LONDON, December 14, 2012 – The best efforts of top designers have failed to convince many buyers to choose palladium jewellery instead of the more established precious metals, notably gold.
Campaigns to promote palladium in jewellery are stumbling due to sliding sales in China and a persistent preference for gold and platinum in much of the world, while marketing is steered by two rival bodies.
Luxury jewellers such as Stephen Webster and Vivienne Westwood have included palladium pieces in their collections.
Palladium is popular in wedding bands for men because it is lighter and more affordable than platinum, and it has the advantage over costlier white gold of not requiring any coating.
But palladium jewellery demand has slid since a rapid surge in demand in China in 2003-2005, when platinum prices jumped, eroding platinum jewellery sales margins.
Spot palladium was trading on December 14 at around $696 an ounce, well below gold at $1,694 an ounce and platinum at $1,613.
Palladium jewellery demand in China peaked at 1.25 million ounces in 2005, according to refiner Johnson Matthey.
Global palladium jewellery demand in 2012 was set to fall 11 percent year-on-year to 450,000 ounces, and slide 21 percent in leading market China to 240,000 ounces, Johnson Matthey said.
Chinese manufacturers have shifted increasingly away from palladium due to rising demand for gold, industry officials say.
As a much harder metal, palladium is also more complex for jewellers to work.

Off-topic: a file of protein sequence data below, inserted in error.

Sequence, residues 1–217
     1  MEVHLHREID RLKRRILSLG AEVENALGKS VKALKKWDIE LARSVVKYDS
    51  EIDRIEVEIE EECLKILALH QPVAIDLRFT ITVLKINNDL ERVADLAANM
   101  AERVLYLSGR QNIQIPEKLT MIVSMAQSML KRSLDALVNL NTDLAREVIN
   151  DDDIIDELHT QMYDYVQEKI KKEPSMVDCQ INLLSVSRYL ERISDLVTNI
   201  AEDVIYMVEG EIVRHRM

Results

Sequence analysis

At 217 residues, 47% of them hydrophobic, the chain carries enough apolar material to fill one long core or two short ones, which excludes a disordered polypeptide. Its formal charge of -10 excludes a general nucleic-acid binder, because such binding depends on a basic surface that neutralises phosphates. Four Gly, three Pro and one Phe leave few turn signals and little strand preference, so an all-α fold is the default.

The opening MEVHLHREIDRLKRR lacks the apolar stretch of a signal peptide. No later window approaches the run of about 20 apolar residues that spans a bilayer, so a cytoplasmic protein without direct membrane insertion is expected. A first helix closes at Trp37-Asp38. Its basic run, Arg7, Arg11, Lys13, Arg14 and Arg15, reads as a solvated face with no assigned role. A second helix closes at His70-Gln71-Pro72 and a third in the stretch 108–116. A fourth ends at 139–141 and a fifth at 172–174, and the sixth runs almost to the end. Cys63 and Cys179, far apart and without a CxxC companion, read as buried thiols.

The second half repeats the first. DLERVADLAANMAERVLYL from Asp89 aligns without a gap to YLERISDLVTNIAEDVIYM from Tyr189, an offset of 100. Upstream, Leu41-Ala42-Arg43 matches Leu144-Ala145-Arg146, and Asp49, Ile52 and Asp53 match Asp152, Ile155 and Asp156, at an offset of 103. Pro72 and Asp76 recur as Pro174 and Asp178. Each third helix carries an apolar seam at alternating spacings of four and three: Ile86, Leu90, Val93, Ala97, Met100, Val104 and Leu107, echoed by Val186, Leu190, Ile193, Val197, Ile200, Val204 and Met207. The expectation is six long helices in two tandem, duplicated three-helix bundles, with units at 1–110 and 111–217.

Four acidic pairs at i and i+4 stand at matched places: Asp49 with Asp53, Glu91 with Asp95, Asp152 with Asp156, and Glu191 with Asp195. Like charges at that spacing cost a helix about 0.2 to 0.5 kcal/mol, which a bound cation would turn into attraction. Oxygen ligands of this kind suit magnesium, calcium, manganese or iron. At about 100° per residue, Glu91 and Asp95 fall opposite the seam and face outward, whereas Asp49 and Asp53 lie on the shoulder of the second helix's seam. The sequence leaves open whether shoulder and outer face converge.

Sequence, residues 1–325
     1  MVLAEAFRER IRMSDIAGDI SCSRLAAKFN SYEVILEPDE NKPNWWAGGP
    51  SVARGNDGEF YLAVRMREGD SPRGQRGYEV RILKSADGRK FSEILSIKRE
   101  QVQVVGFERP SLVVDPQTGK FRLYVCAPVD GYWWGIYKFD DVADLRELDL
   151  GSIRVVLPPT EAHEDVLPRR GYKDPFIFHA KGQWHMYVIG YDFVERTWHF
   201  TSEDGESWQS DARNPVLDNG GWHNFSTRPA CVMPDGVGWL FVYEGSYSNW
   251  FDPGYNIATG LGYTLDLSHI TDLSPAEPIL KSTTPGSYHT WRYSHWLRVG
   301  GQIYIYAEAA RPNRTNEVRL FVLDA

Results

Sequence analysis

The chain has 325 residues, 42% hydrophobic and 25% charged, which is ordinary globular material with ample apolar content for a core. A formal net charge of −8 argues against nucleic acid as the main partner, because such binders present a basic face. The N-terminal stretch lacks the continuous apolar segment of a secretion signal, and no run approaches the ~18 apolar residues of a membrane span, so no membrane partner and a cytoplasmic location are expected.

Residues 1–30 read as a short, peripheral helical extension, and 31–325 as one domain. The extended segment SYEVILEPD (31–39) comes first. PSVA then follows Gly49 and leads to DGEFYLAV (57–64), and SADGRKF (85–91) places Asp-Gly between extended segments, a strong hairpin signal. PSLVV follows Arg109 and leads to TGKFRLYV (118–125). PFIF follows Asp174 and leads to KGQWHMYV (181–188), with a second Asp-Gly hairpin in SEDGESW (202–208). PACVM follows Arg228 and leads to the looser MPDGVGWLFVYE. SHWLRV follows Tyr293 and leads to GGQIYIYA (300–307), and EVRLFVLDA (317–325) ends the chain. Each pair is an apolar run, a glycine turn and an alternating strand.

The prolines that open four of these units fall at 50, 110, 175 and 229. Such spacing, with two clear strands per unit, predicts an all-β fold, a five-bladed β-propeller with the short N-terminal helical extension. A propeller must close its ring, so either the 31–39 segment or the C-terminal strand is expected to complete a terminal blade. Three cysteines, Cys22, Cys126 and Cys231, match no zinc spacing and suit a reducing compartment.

Manufacturers in China have looked at their capacity and switched to gold, which is in strong demand there.
China is vying with India as the world’s top gold consumer this year.
Palladium finds a major use in catalytic converters that clean exhaust fumes – chiefly of gasoline-powered vehicles. Gross demand for use in autocatalysts was forecast to grow by 7 percent this year to a record high of 6.48 million ounces, according to Johnson Matthey.
The marketing of palladium as a jewellery metal is led by two organisations rather than one umbrella group, backed by rival mining groups.
They are Palladium Alliance International, financed by U.S. palladium and platinum miner Stillwater Mining Co, and the International Palladium Board (IPB), supported by Russian nickel and palladium giant Norilsk Nickel.
The two groups, with annual budgets totalling tens of millions of dollars, each run their own marketing projects for palladium as a jewellery metal.
They have recruited celebrities such as TV personality and singer Kelly Osbourne, who appeared at a Las Vegas jewellery show in June admiring, among other pieces, a palladium spider brooch.
Actress Pamela Anderson, once married to a rock musician, has helped to promote the lightweight jewellery with the slogan that she is “so over heavy metal”.
The campaign launched last year was promoted by the Palladium Alliance, which is focused on North America and China, while the IPB directs its efforts chiefly in Europe, North America and Asia.
A generic global marketing campaign for palladium jewellery would be more effective than the current campaigns, but there seems to be little possibility that this will happen soon.